Knowing the terminology involved in loan transactions that start after the TRID deadline will help you be better prepared and avoid delays in your loan closing. For more information about TRID, and about what NFM Lending is doing to prepare for TRID, click here. If you are ready to purchase a home, click here to contact one of our licensed mortgage Loan Originators today to get started!
Are you looking to buy a home but are stumped with some of the terms that Real Estate Agents, Loan Originators, or even websites say? Here are 25 commonly used mortgage terms and definitions to help you through the home buying and loan process:
Adjustable Rate Mortgage (ARM) – An ARM, also known as a Variable Rate Mortgage, is a loan with an interest rate that is periodically adjusted based on a pre-determined index.
Annual Percentage Rate (APR) – The APR is the cost of a mortgage stated as a yearly percentage rate. Since the APR includes points and other credit costs, it is typically higher than the advertised note rate. An APR allows home buyers to compare different mortgages based on loans’ annual costs.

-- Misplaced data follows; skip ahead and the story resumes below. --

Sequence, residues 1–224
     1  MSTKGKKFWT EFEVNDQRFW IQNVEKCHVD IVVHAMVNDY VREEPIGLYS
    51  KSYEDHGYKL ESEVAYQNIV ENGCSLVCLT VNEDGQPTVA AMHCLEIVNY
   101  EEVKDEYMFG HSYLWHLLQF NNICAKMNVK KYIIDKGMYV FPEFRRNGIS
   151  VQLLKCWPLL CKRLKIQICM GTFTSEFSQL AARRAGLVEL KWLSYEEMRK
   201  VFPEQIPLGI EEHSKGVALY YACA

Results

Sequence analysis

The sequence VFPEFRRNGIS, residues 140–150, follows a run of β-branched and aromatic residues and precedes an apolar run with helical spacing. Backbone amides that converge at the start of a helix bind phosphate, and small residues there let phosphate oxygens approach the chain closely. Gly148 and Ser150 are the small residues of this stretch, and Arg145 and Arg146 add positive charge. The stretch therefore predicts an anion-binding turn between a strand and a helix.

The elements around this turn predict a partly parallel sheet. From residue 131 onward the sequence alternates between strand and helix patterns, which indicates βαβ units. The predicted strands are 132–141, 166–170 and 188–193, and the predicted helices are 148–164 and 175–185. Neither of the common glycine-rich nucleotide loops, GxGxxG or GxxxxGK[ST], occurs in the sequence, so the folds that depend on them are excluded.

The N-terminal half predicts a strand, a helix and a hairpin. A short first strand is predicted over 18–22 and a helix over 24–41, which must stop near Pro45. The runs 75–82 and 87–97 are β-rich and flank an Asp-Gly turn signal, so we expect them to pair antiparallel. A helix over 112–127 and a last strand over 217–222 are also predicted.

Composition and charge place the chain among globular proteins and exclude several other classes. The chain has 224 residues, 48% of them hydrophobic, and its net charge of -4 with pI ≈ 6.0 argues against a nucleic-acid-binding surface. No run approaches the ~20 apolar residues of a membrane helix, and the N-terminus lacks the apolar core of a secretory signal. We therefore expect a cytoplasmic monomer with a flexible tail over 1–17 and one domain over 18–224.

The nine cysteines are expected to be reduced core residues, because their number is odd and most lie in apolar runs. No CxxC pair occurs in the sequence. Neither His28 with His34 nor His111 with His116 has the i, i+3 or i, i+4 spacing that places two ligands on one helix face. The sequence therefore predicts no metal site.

Appraisal – An appraisal is a written analysis, prepared by a qualified appraiser, of a property’s estimated value.
Buy-down – A buy-down is when a lender or builder subsidizes a loan by lowering the interest rate during the initial years of a loan. Payments increase when the subsidy expires.
Closing Costs – The fees charged for services performed, including the home appraisal, loan origination, flood certificate, the title survey, etc.
Debt-to-Income Ratio – This is the ratio that results when a buyer’s monthly payment obligation on long-term debts is divided by his or her gross monthly income.
Down Payment – The part of a property’s purchase price paid by the borrower (i.e., not financed by the mortgage). Down payments can be anywhere from 3-20 percent of the purchase price.
Earnest Money – Earnest money is paid by the buyer to the seller to bind a transaction or assure payment.
Escrow – Escrow is the holding of funds or documents by a third party prior to closing; the funds are usually for payment of taxes and insurance on property.
Fixed-Rate Mortgage – A fixed-rate mortgage has interest rates that remain constant during the repayment period.
Home Equity – Equity is created when the value of your home increases and/or you reduce the amount you owe through your loan payments.
HUD-1 Settlement Statement – Standard, government regulated settlement statement that itemizes the costs of transaction when purchasing a home. Commonly referred to as “HUDs” or “HUD-1s.”